UPDATES & ANALYSIS

8.27

Appeals court sends wedding videographers’ case to trial on question of discrimination against same-sex couples

by Rox Laird | August 27, 2019

A three-judge panel of the U.S. Court of Appeals for the Eighth Circuit ruled 2-1 on Aug. 23 that Minneapolis filmmakers have a First Amendment right to “choose when to speak and what to say,” and should be allowed to proceed to trial on their claim that refusing to videotape weddings of same-sex couples does not violate the Minnesota Human Rights Act.

The majority opinion, written by Judge David Stras of Minneapolis and joined by Judge Bobby Shepherd of Arkansas, agreed with the plaintiffs’ claim that their wedding videos are a form of free expression protected by the First Amendment, and that Minnesota’s equal-rights statute interferes with their rights by regulating the content of that speech and by requiring that the videos be equally favorable to opposite-sex couples and same-sex couples.

Judge Jane Kelly of Cedar Rapids dissented, arguing that the plaintiffs are free to produce and sell films that express their views on any subject, including marriage, but when they offer their wedding-video services to the public, that amounts to a public accommodation and they must abide by Minnesota’s human-rights act.

The Eighth Circuit Court of Appeals based in St. Louis has jurisdiction over seven Midwest states, including Iowa. Iowa Attorney General Tom Miller signed onto a friend-of-the-court brief filed by 18 states in support of the defendant-appellants Minnesota Department of Human Rights and attorney general of Minnesota.

Carl and Angel Larsen own and operate Telescope Media Group that creates videos for commercials, short films, and live events, but as Christians they decline to provide services for anything that contradicts “biblical truth,” including their view that marriage is only “between one man and one woman.” Thus, they refuse to do videos of same-sex weddings.

The state of Minnesota argues that, under the Minnesota Human Rights Act (MHRA), it is a discriminatory practice to “deny any person the full and equal-enjoyment of the goods, services, facilities, privileges, advantages, and accommodations of a place of public accommodation” on the basis of sexual orientation.

As applied in this case, the Eighth Circuit majority said, the statute means Larsens must produce wedding videos for both opposite-sex couples and same-sex couples, or none at all. Moreover, the court said, based on the state’s arguments, the Larsens’ wedding videos must depict same-sex weddings and opposite-sex weddings “in an equally ‘positive’ light.”

The majority said that raises two constitutional red flags.

“Minnesota’s interpretation of the MHRA interferes with the Larsens’ speech in two overlapping ways,” Straus wrote. “First, it compels the Larsens to speak favorably about same-sex marriage if they choose to speak favorably about opposite-sex marriage. Second, it operates as a content-based regulation of their speech.”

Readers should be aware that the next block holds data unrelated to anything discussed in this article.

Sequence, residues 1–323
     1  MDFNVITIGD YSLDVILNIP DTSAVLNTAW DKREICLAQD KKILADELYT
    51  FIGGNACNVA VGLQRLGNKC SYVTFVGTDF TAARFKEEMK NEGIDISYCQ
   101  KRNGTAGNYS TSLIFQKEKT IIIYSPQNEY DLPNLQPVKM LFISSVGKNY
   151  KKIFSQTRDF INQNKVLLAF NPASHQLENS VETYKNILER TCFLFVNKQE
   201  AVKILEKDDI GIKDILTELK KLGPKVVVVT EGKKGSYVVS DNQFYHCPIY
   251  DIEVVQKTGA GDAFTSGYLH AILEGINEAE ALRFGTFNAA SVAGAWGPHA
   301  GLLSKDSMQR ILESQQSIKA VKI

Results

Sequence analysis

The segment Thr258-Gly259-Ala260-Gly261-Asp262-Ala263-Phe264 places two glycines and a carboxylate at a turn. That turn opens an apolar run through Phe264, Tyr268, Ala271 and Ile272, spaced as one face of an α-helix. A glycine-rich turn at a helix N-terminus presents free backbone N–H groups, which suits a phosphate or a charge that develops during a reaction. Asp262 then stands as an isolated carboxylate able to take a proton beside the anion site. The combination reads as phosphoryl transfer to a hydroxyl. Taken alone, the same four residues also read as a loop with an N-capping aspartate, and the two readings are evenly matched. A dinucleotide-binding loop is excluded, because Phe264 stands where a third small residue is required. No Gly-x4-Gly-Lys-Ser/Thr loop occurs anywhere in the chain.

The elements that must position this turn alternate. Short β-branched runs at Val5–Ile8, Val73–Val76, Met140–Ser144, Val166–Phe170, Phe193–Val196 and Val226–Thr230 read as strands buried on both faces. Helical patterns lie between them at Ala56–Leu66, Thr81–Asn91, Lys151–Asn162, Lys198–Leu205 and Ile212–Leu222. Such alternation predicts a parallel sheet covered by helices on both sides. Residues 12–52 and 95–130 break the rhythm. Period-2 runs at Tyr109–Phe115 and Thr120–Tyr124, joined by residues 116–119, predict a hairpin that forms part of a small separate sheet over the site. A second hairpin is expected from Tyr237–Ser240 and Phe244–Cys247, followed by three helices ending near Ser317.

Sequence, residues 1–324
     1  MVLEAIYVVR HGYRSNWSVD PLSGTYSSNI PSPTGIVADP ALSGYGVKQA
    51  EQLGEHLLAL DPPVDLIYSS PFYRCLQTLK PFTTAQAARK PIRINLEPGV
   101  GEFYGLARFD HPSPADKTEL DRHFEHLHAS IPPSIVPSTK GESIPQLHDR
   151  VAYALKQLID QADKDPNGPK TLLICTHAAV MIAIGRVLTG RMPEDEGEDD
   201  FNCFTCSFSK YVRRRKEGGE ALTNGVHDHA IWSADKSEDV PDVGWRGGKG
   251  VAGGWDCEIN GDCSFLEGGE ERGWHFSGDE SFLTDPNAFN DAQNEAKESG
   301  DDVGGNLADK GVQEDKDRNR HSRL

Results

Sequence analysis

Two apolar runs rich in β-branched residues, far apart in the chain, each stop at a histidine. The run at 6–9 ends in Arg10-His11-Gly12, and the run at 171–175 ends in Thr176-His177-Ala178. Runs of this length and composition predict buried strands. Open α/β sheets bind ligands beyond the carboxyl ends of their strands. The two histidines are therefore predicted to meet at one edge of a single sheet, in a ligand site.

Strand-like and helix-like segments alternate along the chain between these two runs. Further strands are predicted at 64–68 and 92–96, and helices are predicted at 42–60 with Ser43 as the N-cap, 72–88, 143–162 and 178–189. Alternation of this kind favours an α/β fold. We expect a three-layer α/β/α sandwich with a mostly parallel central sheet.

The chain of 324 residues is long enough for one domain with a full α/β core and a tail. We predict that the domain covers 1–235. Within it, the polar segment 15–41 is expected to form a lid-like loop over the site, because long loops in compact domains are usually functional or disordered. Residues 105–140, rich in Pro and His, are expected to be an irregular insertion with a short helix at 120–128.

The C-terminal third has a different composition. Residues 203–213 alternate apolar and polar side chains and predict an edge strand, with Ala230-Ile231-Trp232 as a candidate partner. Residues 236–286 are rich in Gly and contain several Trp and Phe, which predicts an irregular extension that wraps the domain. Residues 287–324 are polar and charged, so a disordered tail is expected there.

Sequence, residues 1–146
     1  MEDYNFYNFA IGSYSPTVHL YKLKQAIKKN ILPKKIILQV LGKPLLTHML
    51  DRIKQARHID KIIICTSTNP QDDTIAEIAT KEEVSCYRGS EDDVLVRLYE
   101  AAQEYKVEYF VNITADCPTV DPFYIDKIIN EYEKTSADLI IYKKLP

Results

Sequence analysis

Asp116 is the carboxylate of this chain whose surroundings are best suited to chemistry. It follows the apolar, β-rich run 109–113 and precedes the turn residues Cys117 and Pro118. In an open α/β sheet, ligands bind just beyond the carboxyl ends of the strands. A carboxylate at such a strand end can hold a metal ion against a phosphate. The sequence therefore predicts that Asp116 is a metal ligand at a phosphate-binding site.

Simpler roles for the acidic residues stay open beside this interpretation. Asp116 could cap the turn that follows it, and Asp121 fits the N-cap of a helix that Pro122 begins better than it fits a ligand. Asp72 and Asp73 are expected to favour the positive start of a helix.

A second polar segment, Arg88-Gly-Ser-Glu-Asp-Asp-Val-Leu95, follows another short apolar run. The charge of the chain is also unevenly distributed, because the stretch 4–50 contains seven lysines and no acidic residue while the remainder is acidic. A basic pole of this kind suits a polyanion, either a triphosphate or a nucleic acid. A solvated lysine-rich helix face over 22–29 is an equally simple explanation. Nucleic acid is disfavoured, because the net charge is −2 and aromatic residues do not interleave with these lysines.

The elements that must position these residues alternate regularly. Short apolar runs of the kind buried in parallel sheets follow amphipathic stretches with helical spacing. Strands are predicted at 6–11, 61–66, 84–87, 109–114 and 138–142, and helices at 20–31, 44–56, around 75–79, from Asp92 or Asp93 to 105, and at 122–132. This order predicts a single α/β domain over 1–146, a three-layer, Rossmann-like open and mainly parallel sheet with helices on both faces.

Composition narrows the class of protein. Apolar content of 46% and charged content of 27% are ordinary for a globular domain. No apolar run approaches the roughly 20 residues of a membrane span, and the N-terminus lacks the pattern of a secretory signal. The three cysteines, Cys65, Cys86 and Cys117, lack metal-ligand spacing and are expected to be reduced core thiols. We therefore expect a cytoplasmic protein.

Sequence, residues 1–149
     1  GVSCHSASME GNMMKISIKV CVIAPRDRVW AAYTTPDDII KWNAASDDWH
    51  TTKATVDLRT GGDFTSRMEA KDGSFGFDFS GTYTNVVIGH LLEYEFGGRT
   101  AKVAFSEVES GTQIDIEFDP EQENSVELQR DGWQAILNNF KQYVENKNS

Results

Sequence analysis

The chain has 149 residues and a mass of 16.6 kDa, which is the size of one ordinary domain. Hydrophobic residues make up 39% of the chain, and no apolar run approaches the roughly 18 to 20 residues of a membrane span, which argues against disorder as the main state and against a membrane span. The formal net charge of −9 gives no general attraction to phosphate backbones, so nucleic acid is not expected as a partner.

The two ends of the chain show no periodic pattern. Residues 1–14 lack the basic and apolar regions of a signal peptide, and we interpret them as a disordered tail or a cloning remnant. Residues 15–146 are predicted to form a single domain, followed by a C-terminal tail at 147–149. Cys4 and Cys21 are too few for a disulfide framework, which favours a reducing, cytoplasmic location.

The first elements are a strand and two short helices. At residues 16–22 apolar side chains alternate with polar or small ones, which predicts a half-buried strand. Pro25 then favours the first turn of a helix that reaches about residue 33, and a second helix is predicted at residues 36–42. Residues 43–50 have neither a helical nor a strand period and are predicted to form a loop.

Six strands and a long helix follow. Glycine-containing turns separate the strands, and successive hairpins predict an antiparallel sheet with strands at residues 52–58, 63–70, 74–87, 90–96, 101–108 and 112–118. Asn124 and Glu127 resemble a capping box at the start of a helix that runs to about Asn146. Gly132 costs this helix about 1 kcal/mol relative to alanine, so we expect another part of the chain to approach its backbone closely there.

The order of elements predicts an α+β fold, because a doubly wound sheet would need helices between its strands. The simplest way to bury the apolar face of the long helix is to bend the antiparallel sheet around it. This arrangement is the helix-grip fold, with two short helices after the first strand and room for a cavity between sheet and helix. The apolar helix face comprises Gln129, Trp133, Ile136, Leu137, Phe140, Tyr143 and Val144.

That, Straus wrote, “is at odds with the U.S. Supreme Court’s ‘cardinal constitutional command’ against compelled speech.”

On remand, the trial court must judge the constitutionality of Minnesota’s application of its human-rights statute in this case using the legal standard of strict scrutiny. “Laws that compel speech or regulate it based on its content are subject to strict scrutiny,” the Eighth Circuit majority said, which will require Minnesota to prove that the application of the human-rights act to the Larsens is “narrowly tailored to serve a compelling state interest.”

The U.S. Supreme Court has said that antidiscrimination laws are well within the power of the states when they have reason to believe a group is the target of discrimination, the majority said, and “we have little doubt that Minnesota had powerful reasons for extending the MHRA to protect its citizens against sexual-orientation discrimination.”

“But that is not the point,” Stras wrote. “Even antidiscrimination laws, as critically important as they are, must yield to the Constitution. And as compelling as the interest in preventing discriminatory conduct may be, speech is treated differently under the First Amendment.”

In her dissent, however, Kelly said the majority went too far.

“By ruling that, under the Larsens’ allegations, the MHRA is subject to and fails strict scrutiny, the court carves out an exception of staggering breadth. Under its logic, any time that a state’s regulation of discriminatory conduct requires a person to provide services that ‘express’ something that they dislike, the law is invalid. That ruling cannot be easily limited.”

While videography and other visual arts are easily seen as forms of expression, Kelly said, “what about bakers, fashion designers, florists, graphic designers, tattoo artists, calligraphers, jewelers, chefs, tailors, or musicians? Are all of those businesses allowed to refuse service to gays and lesbians whenever doing so would conflict with the business owner’s personal religious or philosophical beliefs?”

The majority opinion does not answer that, Kelly wrote, and it “invites a flood of litigation that will require courts to grapple with difficult questions about whether this or that service is sufficiently creative or expressive to merit a similar exemption.”

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